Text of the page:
It has been a long haul to get an edtech strategy in England. Wales and Scotland seemed to be setting the pace, while there remained a lack of national conversation about education technology in England. Countless Department for Education working groups on behaviour, modern foreign languages and even workload seemed to forget or, indeed, underestimate the power of technology.
We need to acknowledge across education that the money and investment are not enough at present. Our infrastructure alone needs a major overhaul – coffee shops should not have faster wi-fi than our schools. As AR, VR and things such as AI begin to take off, we’ll need decent and equitable broadband speeds across our whole education estate.
Return on investment
We have had technology in schools for decades now. But we are yet to see the full impact of this across the system, in terms of raising standards, reducing teacher workload or improving key areas of challenge for institutions. Just as we expect a good return on investment in our human resources, so we should expect to see return on our investment in technology resources.
We all know the history of our government-supported initiatives around technology, and it’s been heartwarming and exciting to see our lobbying finally making a difference, with the launch of the DfE edtech strategy earlier this year.
Credit where due to the education secretary, Damian Hinds, that in the policy paralysis of Brexit we actually have an edtech strategy. But we also need to connect that to the industrial strategy, and support this growing edtech sector regionally, for the sake of jobs and growth right across the UK.
That said, education needs a values-driven and unimpeachable approach that puts children and teachers at the heart of everything they do to support schools with technology. That’s not to say that people shouldn’t make money. And, certainly, business experience is important in working out how things can work for schools at scale. Manufacturers, edtech entrepreneurs and vendors are important parts of the ecosystem.
But real embedded change will not happen if it is solely vendor-led. And those vendors who understand that this is a partnership will thrive.
The newly established edtech leadership group needs a joint deputy chair who is an educator – it is wrong that there is just a single deputy chair from a trade association. We need the voice of educators, from either school or college, to help in steering the leadership group.
There are lots of good things finally happening, but educators need to be centrally involved in developing edtech policy and the roll-out of initiatives.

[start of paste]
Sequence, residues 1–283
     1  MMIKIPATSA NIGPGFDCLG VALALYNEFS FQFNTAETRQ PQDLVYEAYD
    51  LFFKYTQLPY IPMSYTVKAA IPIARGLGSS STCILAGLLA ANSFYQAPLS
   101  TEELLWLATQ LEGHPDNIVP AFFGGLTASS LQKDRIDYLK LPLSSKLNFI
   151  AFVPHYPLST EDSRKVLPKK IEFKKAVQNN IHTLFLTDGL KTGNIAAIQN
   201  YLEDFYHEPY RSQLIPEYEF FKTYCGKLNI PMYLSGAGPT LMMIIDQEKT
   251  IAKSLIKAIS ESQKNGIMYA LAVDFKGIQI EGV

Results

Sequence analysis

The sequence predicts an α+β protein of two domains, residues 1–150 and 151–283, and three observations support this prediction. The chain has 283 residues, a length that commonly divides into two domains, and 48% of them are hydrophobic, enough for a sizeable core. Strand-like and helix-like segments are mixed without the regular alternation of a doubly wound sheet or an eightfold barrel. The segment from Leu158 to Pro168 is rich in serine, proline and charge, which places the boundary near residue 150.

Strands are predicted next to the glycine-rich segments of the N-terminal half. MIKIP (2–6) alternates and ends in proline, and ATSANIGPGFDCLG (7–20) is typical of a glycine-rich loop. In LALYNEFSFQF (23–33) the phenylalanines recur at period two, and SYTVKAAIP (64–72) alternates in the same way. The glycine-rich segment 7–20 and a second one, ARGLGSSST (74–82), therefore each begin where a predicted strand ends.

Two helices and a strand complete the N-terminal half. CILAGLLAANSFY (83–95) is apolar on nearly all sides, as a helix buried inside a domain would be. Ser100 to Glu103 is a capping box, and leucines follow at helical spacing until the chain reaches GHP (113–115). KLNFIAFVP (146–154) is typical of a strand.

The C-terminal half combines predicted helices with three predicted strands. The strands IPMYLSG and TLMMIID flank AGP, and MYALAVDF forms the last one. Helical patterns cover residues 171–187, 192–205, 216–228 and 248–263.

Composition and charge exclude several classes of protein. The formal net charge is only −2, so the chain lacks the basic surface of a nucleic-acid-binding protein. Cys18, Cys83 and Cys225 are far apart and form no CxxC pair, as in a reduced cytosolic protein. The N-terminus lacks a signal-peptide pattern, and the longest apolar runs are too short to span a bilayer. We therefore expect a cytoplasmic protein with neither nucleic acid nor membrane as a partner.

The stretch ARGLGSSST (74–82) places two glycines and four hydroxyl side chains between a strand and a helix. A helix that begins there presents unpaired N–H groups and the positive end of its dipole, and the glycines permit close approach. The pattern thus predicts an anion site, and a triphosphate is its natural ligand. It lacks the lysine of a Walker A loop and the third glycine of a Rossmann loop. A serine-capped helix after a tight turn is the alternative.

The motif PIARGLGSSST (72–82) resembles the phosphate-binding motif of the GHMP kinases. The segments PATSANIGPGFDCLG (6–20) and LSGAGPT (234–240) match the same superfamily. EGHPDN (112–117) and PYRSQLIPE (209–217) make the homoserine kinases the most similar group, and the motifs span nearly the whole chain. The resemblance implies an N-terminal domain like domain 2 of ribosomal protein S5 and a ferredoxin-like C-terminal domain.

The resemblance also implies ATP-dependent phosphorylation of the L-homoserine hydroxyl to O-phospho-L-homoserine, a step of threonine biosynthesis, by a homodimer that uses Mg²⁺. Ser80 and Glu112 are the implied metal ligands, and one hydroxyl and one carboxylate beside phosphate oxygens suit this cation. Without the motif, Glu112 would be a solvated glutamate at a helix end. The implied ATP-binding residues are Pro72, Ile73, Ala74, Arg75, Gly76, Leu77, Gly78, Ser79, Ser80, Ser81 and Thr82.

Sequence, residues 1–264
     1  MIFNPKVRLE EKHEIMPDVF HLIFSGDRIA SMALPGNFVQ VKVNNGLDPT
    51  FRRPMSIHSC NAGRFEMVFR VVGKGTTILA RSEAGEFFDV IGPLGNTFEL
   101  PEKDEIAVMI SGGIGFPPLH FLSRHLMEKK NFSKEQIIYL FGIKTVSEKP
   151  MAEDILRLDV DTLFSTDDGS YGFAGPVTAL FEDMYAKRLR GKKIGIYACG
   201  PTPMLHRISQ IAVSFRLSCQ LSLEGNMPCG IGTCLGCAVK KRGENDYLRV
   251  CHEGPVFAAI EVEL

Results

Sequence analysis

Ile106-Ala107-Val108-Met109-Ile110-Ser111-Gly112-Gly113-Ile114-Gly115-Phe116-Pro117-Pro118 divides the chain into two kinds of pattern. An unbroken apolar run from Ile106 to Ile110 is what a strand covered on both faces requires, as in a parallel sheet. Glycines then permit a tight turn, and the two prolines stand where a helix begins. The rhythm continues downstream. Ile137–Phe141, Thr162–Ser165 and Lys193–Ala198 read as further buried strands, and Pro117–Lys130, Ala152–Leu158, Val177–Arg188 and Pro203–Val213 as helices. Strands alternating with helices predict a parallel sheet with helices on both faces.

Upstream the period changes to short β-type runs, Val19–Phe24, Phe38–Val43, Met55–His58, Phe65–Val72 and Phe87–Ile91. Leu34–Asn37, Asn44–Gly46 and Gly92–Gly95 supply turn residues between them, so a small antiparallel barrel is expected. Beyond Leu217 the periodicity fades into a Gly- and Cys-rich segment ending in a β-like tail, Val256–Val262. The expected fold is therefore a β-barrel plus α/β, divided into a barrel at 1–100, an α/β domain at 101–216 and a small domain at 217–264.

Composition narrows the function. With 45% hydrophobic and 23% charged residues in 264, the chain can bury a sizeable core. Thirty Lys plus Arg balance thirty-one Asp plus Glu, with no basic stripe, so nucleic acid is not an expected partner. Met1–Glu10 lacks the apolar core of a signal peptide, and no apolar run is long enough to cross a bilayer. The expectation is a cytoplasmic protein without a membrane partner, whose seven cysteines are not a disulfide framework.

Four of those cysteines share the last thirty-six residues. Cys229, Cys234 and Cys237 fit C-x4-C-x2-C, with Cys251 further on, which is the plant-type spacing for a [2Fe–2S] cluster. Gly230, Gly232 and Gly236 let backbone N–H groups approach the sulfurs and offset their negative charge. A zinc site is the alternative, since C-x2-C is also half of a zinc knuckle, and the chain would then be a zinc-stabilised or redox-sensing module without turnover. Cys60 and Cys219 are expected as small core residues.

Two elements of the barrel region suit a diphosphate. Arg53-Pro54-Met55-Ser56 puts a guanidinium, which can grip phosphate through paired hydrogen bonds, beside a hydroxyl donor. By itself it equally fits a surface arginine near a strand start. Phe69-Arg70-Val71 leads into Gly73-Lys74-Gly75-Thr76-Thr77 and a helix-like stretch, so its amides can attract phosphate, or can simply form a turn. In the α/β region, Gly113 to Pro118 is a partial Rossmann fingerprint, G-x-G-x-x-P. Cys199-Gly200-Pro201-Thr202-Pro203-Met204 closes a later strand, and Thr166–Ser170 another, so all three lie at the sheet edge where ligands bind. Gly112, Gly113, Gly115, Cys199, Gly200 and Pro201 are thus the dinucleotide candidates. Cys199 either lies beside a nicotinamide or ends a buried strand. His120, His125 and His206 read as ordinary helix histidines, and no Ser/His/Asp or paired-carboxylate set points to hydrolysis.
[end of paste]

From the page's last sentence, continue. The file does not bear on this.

There are real positives about the strategy in England. These include testbeds for product testing and demonstrator schools and colleges. But the energy and passion of teachers must be harnessed and enabled to shape and lead this strategy.
A vendor-led strategy may only get us so far, and will fail to unlock the trust and participation of those in the classroom or tutorial room to make this work and stick.
To be successful, we need the strategy to be educator-influenced at every step. We need to establish an educator reference panel to plug the frontline directly into shaping the strategy.
Education technology also needs to be seen in the context of digital skills, jobs and regional growth. This is a fast-growing sector across the UK and it needs investment and support from the Department for Business, Energy and Industrial Strategy. This should not be an add-on, but a crucial way for government to join up and work properly across Whitehall.
The edtech leadership group is an important milestone. But, to be truly effective, there needs to be change in structure and tone. More leading through partnership. Top-down never really lasts.
We are creating a national network of educators to lead, influence and motivate the UK’s digital journey.
The Edtech 50 publications give a useful model for school-to-school collaboration, and it needs to be increased. Communities of professional practice are key catalysts for support, change and innovation.
Here and now
Also, research needs to be framed for the here and now. It needs to be practically useful and contextually relevant, not merely sponsored by vendors; it needs to be in the public interest and above reproach.
The lessons from Wales, Scotland and Northern Ireland are too important to miss for England. Properly empowered educators supported by a national platform to share resources is a motivator for lasting change.
How we shape this is important – it needs more care.
Ty Goddard is co-founder of the Education Foundation and chair of Edtech UK. Mark Anderson is an educator and consultant. He tweets as @ICTEvangelist